In 2016, UFSM held the I International Congress on History, also sponsored by the PPGH, which was a leap towards the internationalization of its research. Several speakers from European and Latin American countries were present, including Luiz Oosterbeek, professor at the Instituto Politécnico de Tomar (IPT), in Portugal, and secretary of the UNESCO International Council for Philosophy and Human Sciences. The professors of the PPGH already knew Luiz from other international meetings, but it was during the Congress at UFSM that articulation to create a Chair in Humanities began. “We were encouraged even more at this moment in which the area is going through a process of discredit,” says Dr. Soares.
PARTNERSHIPSTo expand the Chair’s production of knowledge, UFSM has established partnerships with several universities abroad: Instituto Politécnico de Tomar, in Portugal; Universidad de Extremadura, in Spain; Universidad de La República, in Uruguay; Universidad Nacional de Mar del Plata, Universidad Nacional de la Plata and Universidad Nacional del Litoral, in Argentina; Universidad Mayor de San Andrés, in Bolivia; and Universidade Federal de Minas Gerais, in Brazil.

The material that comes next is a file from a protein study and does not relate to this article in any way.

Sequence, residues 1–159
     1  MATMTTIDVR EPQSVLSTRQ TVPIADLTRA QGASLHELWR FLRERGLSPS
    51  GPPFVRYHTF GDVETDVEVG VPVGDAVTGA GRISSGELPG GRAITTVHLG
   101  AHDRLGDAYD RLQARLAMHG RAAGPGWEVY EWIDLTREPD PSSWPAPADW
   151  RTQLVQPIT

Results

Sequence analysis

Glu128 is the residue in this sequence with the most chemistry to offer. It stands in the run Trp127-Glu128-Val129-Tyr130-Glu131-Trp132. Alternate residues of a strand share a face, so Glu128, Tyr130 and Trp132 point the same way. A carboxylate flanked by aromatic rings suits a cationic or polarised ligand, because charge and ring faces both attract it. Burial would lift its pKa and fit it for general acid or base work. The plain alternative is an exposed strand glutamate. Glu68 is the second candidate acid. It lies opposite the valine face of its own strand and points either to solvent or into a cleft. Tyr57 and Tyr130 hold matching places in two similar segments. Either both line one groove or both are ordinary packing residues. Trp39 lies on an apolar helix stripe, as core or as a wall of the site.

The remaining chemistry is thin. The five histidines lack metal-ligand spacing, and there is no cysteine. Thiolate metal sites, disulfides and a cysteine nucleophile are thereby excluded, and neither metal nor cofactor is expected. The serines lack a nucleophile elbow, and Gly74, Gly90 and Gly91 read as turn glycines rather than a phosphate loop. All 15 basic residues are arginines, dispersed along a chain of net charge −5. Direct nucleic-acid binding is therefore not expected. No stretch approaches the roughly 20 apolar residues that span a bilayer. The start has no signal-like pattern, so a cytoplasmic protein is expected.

What changes with the creation of the chair?
When the proposal for the UNESCO Chair was submitted, the professors elaborated a two-year plan. Much of it expanded on actions already being developed by the PPGH. “The difference is that now we have a wider reach and this will allow us to raise funds from other sources, including through international calls for proposals. But the goal remains the same: to hold academic discussions in an attempt to solve specific problems,” reiterates Dr. Soares. The expansion also opens up opportunities for joint publications with international partners. While there is a focus on researching migration processes, the coordinators emphasize that this does not rule out more practical actions, such as extension projects. One example is an initiative to create the UFSM Geopark in the Quarta Colônia region near Santa Maria.
In March 2019, professors linked to the Chair, together with the President of UFSM, Dr. Paulo Afonso Burmann, were present at the IV Apheleia International Seminar, in Mação, Portugal. At the event, future actions were presented and UFSM and IPT signed a contract to formalize cooperation between the Borders and Migration Chair and the Unesco Chair on Humanities and Territorial Management in the 21st Century, a new Chair inaugurated at IPT in 2018. The Unesco Chair on Borders and Migrations officially began its work at UFSM in November 2019.
Reporter: Taisa Medeiros;
Graphic Design and Illustration: Yasmin Faccin.